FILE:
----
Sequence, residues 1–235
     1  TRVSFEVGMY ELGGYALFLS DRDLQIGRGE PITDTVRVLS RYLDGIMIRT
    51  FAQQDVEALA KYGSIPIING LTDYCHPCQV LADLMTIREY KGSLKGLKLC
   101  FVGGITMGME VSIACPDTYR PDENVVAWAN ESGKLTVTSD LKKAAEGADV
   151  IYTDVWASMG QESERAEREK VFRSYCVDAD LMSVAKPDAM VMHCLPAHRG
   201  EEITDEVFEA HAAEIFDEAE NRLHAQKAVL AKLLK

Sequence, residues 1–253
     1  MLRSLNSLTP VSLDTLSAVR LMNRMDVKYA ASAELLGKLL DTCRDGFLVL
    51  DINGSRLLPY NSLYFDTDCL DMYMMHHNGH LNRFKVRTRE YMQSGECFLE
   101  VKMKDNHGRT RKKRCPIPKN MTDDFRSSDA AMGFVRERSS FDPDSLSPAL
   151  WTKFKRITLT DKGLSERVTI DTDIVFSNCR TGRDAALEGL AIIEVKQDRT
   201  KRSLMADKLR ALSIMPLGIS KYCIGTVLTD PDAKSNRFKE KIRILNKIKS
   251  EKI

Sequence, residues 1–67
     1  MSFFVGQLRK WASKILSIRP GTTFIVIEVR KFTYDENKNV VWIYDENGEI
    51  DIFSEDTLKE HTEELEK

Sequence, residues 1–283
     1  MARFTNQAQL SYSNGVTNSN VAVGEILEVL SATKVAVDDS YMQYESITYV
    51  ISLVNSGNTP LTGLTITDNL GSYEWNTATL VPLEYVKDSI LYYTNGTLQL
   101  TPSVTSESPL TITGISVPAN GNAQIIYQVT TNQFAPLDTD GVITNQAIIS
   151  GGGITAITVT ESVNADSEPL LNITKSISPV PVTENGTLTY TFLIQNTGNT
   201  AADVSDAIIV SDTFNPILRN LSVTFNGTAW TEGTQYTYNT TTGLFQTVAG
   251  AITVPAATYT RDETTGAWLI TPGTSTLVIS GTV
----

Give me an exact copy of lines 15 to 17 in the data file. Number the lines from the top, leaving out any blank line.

     1  MSFFVGQLRK WASKILSIRP GTTFIVIEVR KFTYDENKNV VWIYDENGEI
    51  DIFSEDTLKE HTEELEK

Sequence, residues 1–283